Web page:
[Bloat] [tsvwg] [Ecn-sane] [iccrg] Fwd: [tcpPrague] Implementation and experimentation of TCP Prague/L4S hackaton at IETF104

Holland, Jake jholland at akamai.com
Wed Mar 20 19:11:13 EDT 2019

I think it's a fair point that even as close as the non-home side
of the access network, fq would need a lot of queues, and if you
want something in hardware it's going to be tricky.  I hear
they're up to an average of ~6k homes per OLT.

I don't think the default assumption here should be that they
missed something obvious, but rather that they're trying to
solve a hard problem, and something with a classifier has a
legitimate value.

The question to me is about how much it breaks other things to
extract that value, and how much you get out of it in the end.  If
you need fq and therefore the only viable place for AQM with good
results is on the home side of the router, that's got some bad
deployment problems too.

Just my 2c.


On 2019-03-20, 15:56, "Sebastian Moeller" <moeller0 at gmx.de> wrote:

    > On Mar 20, 2019, at 23:31, Jonathan Morton <chromatix99 at gmail.com> wrote:
    >> On 21 Mar, 2019, at 12:12 am, Sebastian Moeller <moeller0 at gmx.de> wrote:
    >> they see 20ms queue delay with a 7ms base link delay @ 40 Mbps
    > At 40Mbps you might as well be running Cake, and thereby getting 1ms inter-flow induced delay; an order of magnitude better.  And we achieved that o a shoestring budget while they were submarining for a patent application.
    > If we're supposed to be impressed…
    Nah, there is this GEM:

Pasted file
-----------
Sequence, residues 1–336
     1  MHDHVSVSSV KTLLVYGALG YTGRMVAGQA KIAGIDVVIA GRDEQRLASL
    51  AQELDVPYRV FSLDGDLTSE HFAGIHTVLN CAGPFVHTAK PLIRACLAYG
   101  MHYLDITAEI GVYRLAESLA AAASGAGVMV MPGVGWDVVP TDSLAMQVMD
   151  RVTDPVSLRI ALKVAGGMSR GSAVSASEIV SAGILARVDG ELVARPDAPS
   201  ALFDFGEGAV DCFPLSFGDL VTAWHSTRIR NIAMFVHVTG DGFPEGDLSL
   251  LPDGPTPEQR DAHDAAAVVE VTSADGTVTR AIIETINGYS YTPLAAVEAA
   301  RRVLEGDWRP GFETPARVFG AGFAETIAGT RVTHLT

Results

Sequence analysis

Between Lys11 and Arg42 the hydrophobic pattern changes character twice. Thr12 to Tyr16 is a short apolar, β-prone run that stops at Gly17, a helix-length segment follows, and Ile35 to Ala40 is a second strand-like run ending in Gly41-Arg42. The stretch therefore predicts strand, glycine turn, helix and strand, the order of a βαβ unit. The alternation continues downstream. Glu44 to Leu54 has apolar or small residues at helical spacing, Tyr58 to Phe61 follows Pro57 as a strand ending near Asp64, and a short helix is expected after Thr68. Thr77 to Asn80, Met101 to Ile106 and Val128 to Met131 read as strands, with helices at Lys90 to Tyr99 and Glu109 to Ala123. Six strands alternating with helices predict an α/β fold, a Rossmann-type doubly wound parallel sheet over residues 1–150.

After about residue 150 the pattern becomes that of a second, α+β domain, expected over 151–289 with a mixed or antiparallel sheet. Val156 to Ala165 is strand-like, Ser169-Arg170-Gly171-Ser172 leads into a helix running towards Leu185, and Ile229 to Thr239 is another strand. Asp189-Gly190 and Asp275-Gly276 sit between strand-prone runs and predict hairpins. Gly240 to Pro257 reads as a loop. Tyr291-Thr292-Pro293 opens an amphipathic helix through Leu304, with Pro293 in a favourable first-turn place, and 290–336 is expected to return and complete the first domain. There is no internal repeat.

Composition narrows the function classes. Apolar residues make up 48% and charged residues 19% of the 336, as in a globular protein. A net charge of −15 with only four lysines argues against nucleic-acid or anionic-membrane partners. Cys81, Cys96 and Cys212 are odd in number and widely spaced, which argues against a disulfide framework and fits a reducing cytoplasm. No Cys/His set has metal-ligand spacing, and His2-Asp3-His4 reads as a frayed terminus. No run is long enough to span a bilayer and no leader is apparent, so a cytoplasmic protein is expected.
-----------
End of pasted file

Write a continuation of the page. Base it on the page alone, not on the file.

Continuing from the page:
Comparing Experiments 5, 7 with 6, 8, we can again conclude that our DualQ AQM very much approximates the fq CoDel AQM without the need for flow identi- fication and more complex processing. The main ad- vantage is DualQ’s lower queuing delay for L4S traffic.
    So for normal traffic is is worse than fq_codel and better for traffic that does behave TCP-friendly, for which it was bespoke made. So at least they shoud have pimped fq_codel/cake to emit their required CE marking regime and do a test against that, if the goal is to compare apples and apples. I note that they do come into this with a grudge against fq "Per-flow queuing:  Similarly per-flow queuing is not incompatible with the L4S approach.  However, one queue for every flow can be thought of as overkill compared to the minimum of two queues for 
    all traffic needed for the L4S approach.  The overkill of per-flow queuing has side-effects:" followed by a list of 4 more or less straw-man arguments. Heck these might be actually reasonable arguments at their core, but the short description in the RFC is fishy.
    I believe the coupling between the two queues to be clever and elegant, but the whole premise seems odd to me. What they should have done, IMHO is teach their AQM something like SCE so it can easily react to CE and drops in a standard compliant TCP-friendly fashion, and only do the clever window/rate adjustments if the AQM signals ECT(1), add fair queueing to separate the different TCP variants behavior from each other, and bang no classification bit needed. And no patent (assuming the patent covers the coupling between the two queues)... I am sure I am missing something here, it can not be that simple.
    Best Regards
    P.S.: How did the SCE-Talk go, interesting feed-back and discussions?
    > - Jonathan Morton
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